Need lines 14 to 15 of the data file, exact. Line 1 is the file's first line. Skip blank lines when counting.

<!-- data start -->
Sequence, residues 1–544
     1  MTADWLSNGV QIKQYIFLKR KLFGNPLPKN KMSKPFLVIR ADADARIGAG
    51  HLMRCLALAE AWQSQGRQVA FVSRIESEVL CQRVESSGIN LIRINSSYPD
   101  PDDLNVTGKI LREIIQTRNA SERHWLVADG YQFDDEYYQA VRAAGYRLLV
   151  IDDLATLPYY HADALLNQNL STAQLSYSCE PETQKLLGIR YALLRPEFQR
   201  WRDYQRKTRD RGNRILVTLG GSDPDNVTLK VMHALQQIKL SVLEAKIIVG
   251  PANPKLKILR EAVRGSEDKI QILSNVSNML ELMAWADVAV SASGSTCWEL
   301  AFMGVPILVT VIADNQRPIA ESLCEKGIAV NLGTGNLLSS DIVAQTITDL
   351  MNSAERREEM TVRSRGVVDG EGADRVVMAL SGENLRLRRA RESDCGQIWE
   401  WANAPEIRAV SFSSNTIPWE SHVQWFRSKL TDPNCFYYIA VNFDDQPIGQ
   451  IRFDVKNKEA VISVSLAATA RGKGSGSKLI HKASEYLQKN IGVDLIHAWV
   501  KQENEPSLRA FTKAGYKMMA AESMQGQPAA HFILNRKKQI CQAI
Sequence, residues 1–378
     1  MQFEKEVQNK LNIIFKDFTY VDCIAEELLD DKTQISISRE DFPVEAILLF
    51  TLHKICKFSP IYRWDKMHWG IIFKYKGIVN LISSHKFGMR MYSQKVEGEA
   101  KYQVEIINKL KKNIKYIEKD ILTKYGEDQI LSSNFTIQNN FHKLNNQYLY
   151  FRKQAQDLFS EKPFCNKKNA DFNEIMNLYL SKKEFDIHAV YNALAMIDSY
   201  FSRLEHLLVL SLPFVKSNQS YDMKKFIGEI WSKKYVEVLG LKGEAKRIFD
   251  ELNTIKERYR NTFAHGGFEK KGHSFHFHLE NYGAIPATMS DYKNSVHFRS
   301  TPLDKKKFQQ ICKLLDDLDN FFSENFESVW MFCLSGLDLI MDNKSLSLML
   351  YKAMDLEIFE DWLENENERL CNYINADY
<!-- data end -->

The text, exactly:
     1  MQFEKEVQNK LNIIFKDFTY VDCIAEELLD DKTQISISRE DFPVEAILLF
    51  TLHKICKFSP IYRWDKMHWG IIFKYKGIVN LISSHKFGMR MYSQKVEGEA